Charity Matters Apr/May 2017 ISSUE 72. Thank you for your continued support, you can find more articles on

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Charity Matters is a free eZine, published every two months, which we think you will find a useful and informative resource.

Animal abusers could face far more severe sentences if a Private Member's Bill presented by Redcar Labour Co-operative MP Anna Turley is successful.

Campaigners say the current maximum prison term of six months is too lenient when fly-tippers can get up to five years, the maximum term they say animal abusers should face. Apparently nine out of ten offenders avoid jail altogether, despite strong evidence that those who hurt defenceless animals will do, or have done the same to defenceless humans.

Recent cases in the press include two brothers, Christopher Hoar (31) and Adam Hoar (23) who kicked a hedgehog to death in Co Durham and were jailed for six weeks each, Jennifer Lampe(28) who cut the heads off her pet snakes with scissors, drowned a hampster in a fish tank and got away with a suspended sentence, Richard Cheshire (34) from Oldbury who kicked and stamped on his pet bull terrier and was given 120 hours of unpaid work, Owen Nichol (18) from Taunton, Somerset who was filmed by charity Animal Equality kicking cows and throwing and stamping on their new-born calves and received a 12-week suspended sentence and 150 hours of unpaid work, and Michael Heathcock (59) and Richard Finch (60) from Redcar, North Yorks who said they couldn't afford the £300 vet's fee to have their 16 year old dog put down so they attempted to kill it by hitting it on the head at least six times with a hammer, driving a nail into its skull and then burying it while it was still alive. A couple out walking later heard and found the dog, still alive, and took it to a vet, who had to put it down. Heathcock and Finch both received 4 month prison terms.


Following a two year investigation the Information Commissioner's Office (ICO) has now fined some of Britain's largest and best-regarded charities for illegal collection of information on their donors without their knowledge to establish their total wealth, the better to extract further donations. Details of fines for breaching the Data Protection Act follow.

  • ABC £25,000 - Royal Society for the Prevention of Cruelty to Animals RSPCA (December 2016)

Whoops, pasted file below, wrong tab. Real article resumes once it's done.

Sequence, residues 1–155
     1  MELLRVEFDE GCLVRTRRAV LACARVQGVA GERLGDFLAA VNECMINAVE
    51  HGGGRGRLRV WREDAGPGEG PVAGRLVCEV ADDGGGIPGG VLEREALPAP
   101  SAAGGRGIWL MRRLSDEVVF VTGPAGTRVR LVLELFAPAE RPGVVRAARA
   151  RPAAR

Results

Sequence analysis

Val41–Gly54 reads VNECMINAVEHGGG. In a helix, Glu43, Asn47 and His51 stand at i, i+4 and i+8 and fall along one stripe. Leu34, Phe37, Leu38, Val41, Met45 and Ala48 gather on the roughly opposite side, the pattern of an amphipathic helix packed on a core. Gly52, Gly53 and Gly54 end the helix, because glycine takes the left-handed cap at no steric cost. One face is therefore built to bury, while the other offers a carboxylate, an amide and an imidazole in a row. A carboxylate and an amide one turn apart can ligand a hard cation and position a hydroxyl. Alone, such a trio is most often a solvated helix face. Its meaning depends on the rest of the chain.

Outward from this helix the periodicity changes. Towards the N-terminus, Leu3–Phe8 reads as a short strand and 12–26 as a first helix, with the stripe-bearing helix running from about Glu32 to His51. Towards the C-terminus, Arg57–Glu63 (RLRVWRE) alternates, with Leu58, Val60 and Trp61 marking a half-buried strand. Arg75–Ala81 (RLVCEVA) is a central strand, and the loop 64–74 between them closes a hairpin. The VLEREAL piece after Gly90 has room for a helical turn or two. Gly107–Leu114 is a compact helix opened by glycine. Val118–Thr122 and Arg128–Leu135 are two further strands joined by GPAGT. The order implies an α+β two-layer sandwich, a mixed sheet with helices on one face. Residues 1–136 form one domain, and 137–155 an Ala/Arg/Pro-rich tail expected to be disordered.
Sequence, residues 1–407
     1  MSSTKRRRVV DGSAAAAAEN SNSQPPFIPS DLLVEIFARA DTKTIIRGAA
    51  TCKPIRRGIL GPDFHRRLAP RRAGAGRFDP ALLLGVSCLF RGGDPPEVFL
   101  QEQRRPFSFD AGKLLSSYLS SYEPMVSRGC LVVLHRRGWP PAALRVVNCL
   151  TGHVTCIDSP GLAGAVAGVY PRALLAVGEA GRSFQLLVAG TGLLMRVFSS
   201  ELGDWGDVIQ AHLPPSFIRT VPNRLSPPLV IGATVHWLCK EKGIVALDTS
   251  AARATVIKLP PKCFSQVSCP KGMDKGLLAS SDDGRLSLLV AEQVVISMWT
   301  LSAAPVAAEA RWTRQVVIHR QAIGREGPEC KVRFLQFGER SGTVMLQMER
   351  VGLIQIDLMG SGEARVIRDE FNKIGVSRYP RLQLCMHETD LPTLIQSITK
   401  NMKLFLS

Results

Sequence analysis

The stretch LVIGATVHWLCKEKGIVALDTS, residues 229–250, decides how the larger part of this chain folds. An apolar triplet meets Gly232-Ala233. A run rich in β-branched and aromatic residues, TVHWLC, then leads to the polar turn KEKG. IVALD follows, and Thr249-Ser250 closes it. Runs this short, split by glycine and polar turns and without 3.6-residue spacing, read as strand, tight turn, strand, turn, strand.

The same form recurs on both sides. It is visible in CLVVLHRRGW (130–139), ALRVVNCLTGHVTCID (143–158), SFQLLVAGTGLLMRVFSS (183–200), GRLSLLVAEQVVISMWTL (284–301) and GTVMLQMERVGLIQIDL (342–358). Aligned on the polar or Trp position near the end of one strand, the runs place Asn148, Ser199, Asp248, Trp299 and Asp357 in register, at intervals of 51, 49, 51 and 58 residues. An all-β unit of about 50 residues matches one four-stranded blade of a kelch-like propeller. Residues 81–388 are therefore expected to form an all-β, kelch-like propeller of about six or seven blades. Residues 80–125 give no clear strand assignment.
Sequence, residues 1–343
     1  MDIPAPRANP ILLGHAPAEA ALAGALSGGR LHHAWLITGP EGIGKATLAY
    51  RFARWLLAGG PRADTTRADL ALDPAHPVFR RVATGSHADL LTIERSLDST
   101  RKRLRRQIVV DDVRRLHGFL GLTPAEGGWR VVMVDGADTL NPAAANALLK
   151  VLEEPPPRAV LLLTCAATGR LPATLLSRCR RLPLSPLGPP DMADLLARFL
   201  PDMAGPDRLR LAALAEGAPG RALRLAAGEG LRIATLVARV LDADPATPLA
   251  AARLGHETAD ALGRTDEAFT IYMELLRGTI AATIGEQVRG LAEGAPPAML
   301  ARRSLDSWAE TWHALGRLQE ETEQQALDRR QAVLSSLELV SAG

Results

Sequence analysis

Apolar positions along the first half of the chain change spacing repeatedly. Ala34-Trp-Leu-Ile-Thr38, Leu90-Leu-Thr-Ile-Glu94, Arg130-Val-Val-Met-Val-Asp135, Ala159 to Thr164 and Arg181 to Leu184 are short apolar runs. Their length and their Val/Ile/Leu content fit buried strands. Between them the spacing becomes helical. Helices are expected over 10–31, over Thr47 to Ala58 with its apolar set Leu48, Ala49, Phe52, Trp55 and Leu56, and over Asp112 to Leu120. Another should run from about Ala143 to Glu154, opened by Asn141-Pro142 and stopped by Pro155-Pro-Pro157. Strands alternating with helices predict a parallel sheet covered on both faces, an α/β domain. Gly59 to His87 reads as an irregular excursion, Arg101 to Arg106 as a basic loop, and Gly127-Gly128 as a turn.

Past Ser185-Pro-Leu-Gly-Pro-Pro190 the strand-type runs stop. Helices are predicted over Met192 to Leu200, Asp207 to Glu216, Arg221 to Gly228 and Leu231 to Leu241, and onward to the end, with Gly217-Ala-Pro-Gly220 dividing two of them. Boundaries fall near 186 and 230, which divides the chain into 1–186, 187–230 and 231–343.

• ABC £18,000 - British Heart Foundation BHF (December 2016)
  • ABC £18,000 - International Fund for Animal Welfare IFAW (April 2017)
  •   C £16,000 - Cancer Support UK (Formerly Cancer Recovery Foundation UK) (April 2017)
  • AB  £16,000 - Cancer Research UK (April 2017)
  • AB  £15,000 - Guide Dogs for the Blind Association (April 2017)
  • AB  £15,000 - Macmillan Cancer Support (April 2017)
  • AB  £12,000 - Royal British Legion (April 2017)
  • AB  £12,000 - National Society for the Prevention of Cruelty to Children NSPCC (April 2017)
  • ABC £11,000 - Great Ormond Street Hospital Children's Charity (April 2017)
  • ABC  £9,000 - WWF-UK (April 2017)
  • A    £9,000 - Battersea Dogs and Cats Home (April 2017)
  • A    £8,000 - Oxfam (April 2017)

Offences noted by the ICO were :-

  • A: Covertly finding out information about donors that donors didn't provide, such as telephone numbers and/or email addresses, marked A above;
  • B: Covertly wealth-screening donors and ranking them according to their wealth, marked B above;
  • C: Covertly sharing donor data with other organisations, marked C above.

It would be a pity if donors to the above stopped donating as a result of the revelations since this would hurt the people and animals the charities were set up to help. Perhaps a more constructive way forward would be for the well-paid chief executives of the above to apologise to donors for the grubby behaviour of the organisations under their control, admit that they personally failed to set appropriate ethical standards, and publicly pay the ICO fines out of their own salaries, rather than out of their snooped on donor's donations.

It could go a little way to restoring the lost trust.